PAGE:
• Mairtín Byrnes (deceased). An award-winning and recorded Irish fiddle player in the East Galway style,[5] who is on the list of all-Ireland Fleadh champions, 1970. [1] Mairtín Byrnes is sitting on the far left.
  • Sean 'ac Donncha (deceased). An award-winning and recorded Irish singer who was the headmaster for many years in Ahascragh national school. He lived outside the village with his wife Bríd and many children in Ervilla. His name in English was Sean McDonagh.
  • Mary Harney. Born into a farming family in the Ahascragh locality, Harney became leader of the Progressive Democrats and a government minister holding various portfolios, including that of Tánaiste (Deputy Prime Minister) and Health.

Fishing[edit]

  • Bunowen River; Open Season: March 1 - September 30
  • Species: Wild Brown Trout averaging nearly 0.45 kg (1 lb)
  • Size Limit: 25.4 cm (10 in)
  • Daily Bag Limit: 6 trout
  • Angling Methods: Trout fishing only, artificial fly, spinning and worms only. Above Ahascragh Bridge fly only, Bank fishing only
  • Access: Access is good at road bridges
  • Facilities: Open Bank - with some stiles and footbridges.
  • Permission To Fish: This fishery is part of the Shannon Regional Fisheries Board's 'Midland Fisheries Group' of controlled waters and anglers require a fishing permit (ticket charge) to fish here. See weblink for map of catchments in the Midland Fisheries group of waters which are covered by a fishing permit. Rates for 2007 are Adult Annual €35.00; Pensioner Annual €18.00;. Juvenile Annual €12.00 Juvenile 1 Day €2.00 Day Permit €10.00 Visitors 21 Day: €18.00. You can purchase a fishing permit online using your credit card or laser card.[6]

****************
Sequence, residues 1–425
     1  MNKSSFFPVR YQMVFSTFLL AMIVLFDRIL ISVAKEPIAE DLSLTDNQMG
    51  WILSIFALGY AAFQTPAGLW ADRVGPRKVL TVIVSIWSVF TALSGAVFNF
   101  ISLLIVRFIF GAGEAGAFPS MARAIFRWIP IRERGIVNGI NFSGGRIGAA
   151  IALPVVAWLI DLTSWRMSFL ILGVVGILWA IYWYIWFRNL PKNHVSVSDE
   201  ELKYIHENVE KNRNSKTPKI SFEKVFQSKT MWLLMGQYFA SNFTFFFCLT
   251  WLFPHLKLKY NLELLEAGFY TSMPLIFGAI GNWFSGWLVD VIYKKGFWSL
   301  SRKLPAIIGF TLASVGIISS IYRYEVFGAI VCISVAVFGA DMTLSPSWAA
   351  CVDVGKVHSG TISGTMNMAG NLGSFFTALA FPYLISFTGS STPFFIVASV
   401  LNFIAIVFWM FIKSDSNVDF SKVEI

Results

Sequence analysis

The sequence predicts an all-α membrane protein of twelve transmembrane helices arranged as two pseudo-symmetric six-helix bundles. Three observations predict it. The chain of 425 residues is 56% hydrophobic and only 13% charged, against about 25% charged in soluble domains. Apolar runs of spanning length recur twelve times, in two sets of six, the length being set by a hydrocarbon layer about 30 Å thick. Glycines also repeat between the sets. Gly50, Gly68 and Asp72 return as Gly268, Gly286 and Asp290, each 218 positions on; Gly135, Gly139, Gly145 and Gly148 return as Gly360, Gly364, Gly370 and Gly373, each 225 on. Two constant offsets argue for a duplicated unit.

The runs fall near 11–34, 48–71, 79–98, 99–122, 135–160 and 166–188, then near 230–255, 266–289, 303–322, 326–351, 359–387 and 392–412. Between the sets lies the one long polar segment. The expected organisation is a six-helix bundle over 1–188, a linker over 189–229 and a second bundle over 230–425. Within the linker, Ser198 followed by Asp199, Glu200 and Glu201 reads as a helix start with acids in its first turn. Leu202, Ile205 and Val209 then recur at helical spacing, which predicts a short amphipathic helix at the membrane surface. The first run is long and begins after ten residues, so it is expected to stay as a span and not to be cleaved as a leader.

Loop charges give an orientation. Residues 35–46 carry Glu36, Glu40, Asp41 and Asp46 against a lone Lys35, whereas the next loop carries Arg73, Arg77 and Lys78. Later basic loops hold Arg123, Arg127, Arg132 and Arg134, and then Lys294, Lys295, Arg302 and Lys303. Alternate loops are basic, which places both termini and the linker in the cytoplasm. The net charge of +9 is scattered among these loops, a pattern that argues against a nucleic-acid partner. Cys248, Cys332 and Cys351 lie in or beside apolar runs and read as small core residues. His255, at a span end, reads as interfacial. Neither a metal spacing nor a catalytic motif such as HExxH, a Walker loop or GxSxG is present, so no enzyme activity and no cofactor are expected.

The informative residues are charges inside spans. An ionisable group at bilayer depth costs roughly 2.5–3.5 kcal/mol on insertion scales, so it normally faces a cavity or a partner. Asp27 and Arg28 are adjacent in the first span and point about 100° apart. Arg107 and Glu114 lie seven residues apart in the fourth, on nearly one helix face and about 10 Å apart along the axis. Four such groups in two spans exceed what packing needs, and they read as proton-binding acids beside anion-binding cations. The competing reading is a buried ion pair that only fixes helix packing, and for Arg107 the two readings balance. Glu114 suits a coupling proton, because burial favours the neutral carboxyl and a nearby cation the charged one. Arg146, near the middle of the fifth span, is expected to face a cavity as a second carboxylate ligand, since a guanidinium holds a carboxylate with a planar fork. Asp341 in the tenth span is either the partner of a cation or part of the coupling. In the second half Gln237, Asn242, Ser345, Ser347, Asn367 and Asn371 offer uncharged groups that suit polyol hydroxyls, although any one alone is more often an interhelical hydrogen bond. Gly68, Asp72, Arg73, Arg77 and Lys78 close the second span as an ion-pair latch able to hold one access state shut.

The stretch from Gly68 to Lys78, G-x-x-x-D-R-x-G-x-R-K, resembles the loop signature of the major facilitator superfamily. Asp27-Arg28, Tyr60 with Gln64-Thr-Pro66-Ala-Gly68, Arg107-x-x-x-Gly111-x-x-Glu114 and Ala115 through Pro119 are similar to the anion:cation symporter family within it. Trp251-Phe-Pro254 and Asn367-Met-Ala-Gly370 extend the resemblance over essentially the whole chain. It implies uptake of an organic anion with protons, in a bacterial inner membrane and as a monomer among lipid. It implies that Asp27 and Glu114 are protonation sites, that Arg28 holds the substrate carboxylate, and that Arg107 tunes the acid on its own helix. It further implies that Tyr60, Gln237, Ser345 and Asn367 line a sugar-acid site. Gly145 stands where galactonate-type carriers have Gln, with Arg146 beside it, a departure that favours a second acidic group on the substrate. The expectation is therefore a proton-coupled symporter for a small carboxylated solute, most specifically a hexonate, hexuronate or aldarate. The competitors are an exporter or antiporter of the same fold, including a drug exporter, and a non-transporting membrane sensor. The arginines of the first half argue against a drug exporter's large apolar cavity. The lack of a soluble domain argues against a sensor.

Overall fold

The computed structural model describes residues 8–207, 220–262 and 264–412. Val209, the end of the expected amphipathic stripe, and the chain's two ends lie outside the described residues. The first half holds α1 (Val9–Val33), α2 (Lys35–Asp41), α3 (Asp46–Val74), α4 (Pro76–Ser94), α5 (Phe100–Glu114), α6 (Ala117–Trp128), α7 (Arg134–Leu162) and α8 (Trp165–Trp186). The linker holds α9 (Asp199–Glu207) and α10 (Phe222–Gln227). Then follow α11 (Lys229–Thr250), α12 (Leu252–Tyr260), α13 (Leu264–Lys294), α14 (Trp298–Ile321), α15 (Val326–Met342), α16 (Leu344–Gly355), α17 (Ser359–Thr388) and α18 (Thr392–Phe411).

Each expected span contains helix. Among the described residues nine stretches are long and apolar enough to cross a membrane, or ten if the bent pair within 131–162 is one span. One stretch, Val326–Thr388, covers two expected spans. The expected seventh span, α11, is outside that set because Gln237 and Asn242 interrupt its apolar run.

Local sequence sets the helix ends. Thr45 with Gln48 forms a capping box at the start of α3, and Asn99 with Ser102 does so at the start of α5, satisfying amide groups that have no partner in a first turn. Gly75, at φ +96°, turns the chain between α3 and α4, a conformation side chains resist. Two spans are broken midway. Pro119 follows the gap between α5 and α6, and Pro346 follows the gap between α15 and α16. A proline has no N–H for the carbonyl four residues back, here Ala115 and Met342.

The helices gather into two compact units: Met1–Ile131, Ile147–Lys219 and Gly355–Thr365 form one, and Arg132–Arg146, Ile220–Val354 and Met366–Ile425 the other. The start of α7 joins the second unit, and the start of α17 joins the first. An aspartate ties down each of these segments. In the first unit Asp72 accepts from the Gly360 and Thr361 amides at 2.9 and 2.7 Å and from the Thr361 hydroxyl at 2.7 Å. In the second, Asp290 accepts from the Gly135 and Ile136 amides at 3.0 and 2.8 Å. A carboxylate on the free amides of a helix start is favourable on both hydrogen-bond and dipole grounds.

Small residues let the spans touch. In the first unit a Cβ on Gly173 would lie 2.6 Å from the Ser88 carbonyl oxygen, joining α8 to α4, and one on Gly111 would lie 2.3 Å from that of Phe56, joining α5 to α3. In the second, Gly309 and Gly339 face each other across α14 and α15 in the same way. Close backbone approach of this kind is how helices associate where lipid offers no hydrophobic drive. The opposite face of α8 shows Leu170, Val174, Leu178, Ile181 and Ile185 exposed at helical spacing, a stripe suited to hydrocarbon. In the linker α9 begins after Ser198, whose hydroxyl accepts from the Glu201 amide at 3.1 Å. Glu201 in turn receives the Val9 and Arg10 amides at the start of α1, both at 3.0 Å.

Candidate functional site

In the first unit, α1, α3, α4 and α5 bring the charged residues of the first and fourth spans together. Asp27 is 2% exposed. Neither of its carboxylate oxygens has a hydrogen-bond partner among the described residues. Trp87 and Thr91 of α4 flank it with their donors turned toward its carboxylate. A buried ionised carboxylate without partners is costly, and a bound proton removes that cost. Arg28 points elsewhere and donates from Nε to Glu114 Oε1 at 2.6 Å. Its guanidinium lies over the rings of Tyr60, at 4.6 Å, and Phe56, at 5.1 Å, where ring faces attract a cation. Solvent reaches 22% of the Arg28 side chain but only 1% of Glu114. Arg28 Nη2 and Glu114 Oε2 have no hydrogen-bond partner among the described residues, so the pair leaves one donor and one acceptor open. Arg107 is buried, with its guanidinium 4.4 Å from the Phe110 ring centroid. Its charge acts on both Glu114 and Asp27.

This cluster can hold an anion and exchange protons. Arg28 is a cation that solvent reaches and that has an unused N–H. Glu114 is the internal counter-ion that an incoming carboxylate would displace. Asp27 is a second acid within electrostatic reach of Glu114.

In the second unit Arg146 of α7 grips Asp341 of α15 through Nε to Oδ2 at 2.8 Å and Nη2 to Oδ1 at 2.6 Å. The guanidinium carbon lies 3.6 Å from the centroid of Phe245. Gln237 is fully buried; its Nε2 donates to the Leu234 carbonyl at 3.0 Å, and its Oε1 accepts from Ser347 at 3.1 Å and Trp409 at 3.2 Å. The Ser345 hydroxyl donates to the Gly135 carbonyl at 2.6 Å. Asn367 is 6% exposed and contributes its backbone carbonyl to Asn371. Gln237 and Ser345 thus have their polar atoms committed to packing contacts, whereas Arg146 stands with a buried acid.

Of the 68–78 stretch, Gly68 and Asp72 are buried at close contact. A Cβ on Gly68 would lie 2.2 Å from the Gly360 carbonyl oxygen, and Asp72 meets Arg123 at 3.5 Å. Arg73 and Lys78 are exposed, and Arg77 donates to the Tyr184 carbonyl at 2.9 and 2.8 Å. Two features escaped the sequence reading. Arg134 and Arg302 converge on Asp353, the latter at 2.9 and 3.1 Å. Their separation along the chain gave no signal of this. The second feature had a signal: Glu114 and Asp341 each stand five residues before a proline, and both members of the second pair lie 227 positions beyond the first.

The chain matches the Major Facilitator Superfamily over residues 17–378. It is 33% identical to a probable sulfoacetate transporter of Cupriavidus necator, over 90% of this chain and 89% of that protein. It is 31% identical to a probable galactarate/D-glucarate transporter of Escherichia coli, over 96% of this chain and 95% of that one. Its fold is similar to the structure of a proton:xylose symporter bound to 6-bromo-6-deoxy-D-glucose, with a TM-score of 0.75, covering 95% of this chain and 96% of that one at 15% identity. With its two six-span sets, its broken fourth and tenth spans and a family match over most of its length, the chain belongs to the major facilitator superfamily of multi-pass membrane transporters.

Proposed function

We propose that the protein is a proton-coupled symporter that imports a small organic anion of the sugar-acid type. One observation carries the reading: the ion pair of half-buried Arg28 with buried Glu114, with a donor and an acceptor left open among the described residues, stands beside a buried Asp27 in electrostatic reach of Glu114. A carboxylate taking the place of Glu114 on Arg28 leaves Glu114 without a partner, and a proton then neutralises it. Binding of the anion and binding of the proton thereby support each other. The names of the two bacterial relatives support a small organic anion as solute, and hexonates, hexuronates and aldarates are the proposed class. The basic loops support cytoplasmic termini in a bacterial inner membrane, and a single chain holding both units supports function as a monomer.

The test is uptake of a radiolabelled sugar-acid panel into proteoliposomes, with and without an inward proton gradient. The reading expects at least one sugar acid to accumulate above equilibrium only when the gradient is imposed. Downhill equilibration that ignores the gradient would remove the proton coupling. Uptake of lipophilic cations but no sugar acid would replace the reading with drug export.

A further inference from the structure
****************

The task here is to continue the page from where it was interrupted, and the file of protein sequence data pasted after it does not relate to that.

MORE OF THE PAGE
Popular culture[edit]

RTÉ's award winning show Don't Feed the Gondolas presented by Sean Moncrieff, satirised small village Ireland at the end of each show, choosing Ahascragh and the fictional "Head of the Parish Co-mit-tea" Monica Loolly as its instrument. The following footnotes will bring you to a site playing a Monica Loolly call and secondly pictures from the show.[7][8] So brilliantly executed was this that nobody believed this village in the 'west of Ireland' existed. A regular passing trade of amazed viewers began to visit, sampling the wares of the village.

Annalistic references[edit]

  • 1307 - The greater number of the English of Roscommon were slain by Donough Muimhneach O'Kelly, Lord of Hy-Many, at Ath-easgrach-Cuan, where Philip Muinder, John Muinder, and Main Drew, with many others whose names are not mentioned, were killed. Dermot Gall Mac Dermot, Cormac Mac Kaherny, and the sheriff of Roscommon, were taken prisoners; but they were afterwards set at liberty, and they made peace recte restitution for the burning of the town by Edmund Butler. Donough O'Kelly, after he had performed these exploits, died; and his was not the death of one who had lived a life of cowardice, but the death of a man who had displayed prowess and bravery, and bestowed jewels and riches.

See also[edit]

External links[edit]

References[edit]

  1. ^ Ireland West. http://www.irelandwest.ie/content.asp?id=37 Retrieved February 22, 2007.
  2. ^ Landedestates. http://landedestates.ie/LandedEstates/jsp/family-show.jsp?id=1159 Retrieved May. 25, 2008.
  3. ^ Landedestates. http://landedestates.ie/LandedEstates/jsp/property-show.jsp?id=1035 Retrieved June. 21, 2008.
  4. ^ Landedestates. http://landedestates.ie/LandedEstates/jsp/family-show.jsp?id=1043 Retrieved May. 29, 2008.
  5. ^ irishfiddle. http://www.irishfiddle.com/article_on_styles3.html Retrieved May. 29, 2008.
  6. ^ shannon-fishery-board. http://www.shannon-fishery-board.ie/guides/game/bunowen-river.htm Retrieved May. 29, 2008.
  7. ^ youtube. http://www.youtube.com/watch?v=4T9fF7VOq-Q&feature=related Retrieved May. 29, 2008.
  8. ^ redbrick.dcu. http://www.redbrick.dcu.ie/~magluby/dftg/pictures.shtml?page=pictures Retrieved May. 29, 2008.